Curated by Gian Luca Farinelli

It is a great privilege to see so many new documentaries each year as they remain a compelling source of discovery and emotion. Making a film is a difficult undertaking that requires months, even years of work, but to make a film about cinema requires something more: humility, putting yourself at the service of another director or artist to tell their story and capture their uniqueness. Documentaries about films are special acts of love, as in the case of a lover who puts all her or his energy into making the loved-one known and understood.
This year in the One Hundred Years Ago section, we are showing the precursor of the auteur documentary, Nanook of the North by Flaherty. The line separating documentary from other forms of cinema is as blurry today as it was in the past, and this section makes many border crossings. For instance, it features a film by a great photographer, Bruce Weber, about another great, recently ‘rediscovered’ photographer, Paolo Di Paolo, as well as two miraculous rediscovered shorts by Agnès Varda, a master of obscuring the boundary between documentary and fiction. The section is divided into three themes that address the very essence of cinema: language, creation and the reuse of archival materials.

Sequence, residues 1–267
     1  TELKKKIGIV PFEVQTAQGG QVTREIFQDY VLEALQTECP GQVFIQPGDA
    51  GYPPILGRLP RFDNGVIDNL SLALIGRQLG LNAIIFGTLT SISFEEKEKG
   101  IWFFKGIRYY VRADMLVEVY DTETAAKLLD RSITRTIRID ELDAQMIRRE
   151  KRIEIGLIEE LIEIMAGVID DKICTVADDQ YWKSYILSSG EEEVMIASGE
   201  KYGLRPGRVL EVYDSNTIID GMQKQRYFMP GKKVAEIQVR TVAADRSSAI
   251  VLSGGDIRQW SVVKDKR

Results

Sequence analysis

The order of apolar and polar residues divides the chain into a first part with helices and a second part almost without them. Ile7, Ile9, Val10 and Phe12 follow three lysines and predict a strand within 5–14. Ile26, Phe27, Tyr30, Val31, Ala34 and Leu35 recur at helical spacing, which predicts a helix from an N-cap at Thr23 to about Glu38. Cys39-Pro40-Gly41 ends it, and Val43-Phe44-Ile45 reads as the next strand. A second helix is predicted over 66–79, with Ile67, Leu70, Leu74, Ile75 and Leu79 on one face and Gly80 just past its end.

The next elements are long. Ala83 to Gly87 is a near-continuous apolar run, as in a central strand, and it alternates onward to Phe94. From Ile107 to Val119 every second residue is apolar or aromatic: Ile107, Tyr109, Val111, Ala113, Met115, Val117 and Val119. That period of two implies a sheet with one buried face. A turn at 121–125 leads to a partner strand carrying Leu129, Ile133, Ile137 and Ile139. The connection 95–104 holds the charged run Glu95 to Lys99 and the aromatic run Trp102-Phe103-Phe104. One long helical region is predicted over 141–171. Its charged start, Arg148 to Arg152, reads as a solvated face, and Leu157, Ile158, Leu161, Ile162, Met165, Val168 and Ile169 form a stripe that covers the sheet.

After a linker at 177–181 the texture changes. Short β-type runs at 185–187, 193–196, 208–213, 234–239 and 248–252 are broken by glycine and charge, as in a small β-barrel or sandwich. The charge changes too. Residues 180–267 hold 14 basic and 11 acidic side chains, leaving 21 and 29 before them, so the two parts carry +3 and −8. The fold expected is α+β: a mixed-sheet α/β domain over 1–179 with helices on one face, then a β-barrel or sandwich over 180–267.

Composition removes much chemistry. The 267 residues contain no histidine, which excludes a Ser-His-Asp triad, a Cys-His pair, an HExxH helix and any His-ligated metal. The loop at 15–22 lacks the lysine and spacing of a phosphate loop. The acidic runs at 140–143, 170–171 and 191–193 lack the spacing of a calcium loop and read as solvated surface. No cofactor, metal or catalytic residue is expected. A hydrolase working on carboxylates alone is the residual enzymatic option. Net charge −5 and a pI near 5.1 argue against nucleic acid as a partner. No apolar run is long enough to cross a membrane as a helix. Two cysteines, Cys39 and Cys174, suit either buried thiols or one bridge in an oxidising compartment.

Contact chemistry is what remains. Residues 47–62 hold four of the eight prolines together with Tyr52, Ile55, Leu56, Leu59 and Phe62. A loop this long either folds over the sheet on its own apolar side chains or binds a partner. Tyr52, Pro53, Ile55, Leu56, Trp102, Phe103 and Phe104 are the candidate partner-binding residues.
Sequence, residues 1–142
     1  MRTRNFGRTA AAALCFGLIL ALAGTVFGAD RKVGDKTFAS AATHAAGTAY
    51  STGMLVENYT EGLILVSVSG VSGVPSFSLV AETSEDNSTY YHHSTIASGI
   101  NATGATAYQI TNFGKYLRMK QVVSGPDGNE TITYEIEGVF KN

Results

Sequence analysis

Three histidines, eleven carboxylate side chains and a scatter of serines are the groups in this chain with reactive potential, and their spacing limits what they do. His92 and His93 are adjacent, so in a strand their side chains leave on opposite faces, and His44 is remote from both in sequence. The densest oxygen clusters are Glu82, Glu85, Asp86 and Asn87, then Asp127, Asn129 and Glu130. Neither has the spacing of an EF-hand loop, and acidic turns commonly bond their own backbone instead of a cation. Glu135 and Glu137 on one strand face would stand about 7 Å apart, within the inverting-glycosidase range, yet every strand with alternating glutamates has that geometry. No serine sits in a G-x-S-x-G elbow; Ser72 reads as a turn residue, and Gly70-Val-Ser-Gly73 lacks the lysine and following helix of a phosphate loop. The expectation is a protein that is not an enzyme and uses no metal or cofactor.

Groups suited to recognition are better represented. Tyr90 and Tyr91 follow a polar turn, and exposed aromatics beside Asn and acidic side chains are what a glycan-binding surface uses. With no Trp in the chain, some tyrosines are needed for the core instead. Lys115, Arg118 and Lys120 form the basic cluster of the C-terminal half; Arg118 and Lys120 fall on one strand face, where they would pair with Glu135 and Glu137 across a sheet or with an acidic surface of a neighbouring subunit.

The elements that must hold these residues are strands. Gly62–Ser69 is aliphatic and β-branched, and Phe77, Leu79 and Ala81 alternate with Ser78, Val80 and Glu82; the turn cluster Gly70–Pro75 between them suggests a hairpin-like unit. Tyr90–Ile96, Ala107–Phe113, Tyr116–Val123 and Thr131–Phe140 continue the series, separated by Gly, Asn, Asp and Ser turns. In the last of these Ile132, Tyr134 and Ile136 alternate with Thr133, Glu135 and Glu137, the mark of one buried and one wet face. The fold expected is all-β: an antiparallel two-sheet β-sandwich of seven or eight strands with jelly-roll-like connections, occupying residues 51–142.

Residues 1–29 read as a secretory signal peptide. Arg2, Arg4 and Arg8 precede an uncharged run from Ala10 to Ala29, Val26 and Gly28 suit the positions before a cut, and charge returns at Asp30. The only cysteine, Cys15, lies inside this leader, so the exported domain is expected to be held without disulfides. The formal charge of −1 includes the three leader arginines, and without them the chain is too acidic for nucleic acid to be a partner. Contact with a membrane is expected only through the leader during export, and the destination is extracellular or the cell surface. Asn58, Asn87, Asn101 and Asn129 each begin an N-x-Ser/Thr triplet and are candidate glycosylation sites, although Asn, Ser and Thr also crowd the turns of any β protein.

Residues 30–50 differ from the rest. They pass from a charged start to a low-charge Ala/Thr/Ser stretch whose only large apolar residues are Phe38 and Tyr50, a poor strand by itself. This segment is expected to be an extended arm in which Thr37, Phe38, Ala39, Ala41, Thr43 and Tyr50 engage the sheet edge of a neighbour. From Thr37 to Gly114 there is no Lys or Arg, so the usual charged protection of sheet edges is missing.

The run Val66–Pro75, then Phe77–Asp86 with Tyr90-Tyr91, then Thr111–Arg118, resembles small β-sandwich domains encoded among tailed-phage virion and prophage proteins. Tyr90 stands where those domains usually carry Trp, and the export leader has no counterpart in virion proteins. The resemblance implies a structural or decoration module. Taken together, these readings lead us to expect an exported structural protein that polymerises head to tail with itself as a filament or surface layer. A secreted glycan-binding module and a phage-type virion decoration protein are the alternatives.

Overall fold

Language. At the 1982 Cannes film festival, Wim Wenders invited friends and colleagues to discuss the present and future of cinema in his hotel room. It is remarkable testimony, a ground zero for understanding where we are and what has happened in the past 40 years. In 1978, Gideon Bachmann made a documentary about political cinema in Rome when filmmakers were seeking a new language that could also be a political weapon (hence the dazzling title, A Camera Is not a Molotov Cocktail, quoting Bernardo Bertolucci’s words in the film’s opening scene). Seven years in the making, Mitra Farahani’s À vendredi, Robinson is a dialogue/non-dialogue between two masters of visual experimentation, the almost centenarian Ebrahim Golestan and the 91-year-old Jean-Luc Godard, in what is perhaps one of the most beautiful and recent reflections about film. The two Robinsons, who survived the death of cinema and the choice of not talking (to each other), are filmed by a young director who knows how to connect them using the cinematic languages they gave us.
Creation. Luis Buñuel, Jacques Tati, Eadweard Muybridge: three utterly unique filmmakers are honoured in three personal films, three crucial and inimitable perspectives. Yves Montand, Maurice Chevalier and Leila Diniz: three extraordinary actors/singers who played roles that represented a society and a time, and whose vitality and talent are still intact today.
Glory to the archives. Three unique films illustrate the cultural wealth we have inherited from the 20th century and how new and different works can be made with archival images. With Get Back Peter Jackson gives us a unique insight into the greatness of The Beatles right at the end of their creative journey. Bill Morrison masterfully reuses the fragment of a lost film in Her Violet Kiss. André Bonzel’s J’aime à la fureur reveals how amateur films made by others can contain our lives as well and delivers a powerful message in this era of worshipping the self: cinema is the art of Us!

Gian Luca Farinelli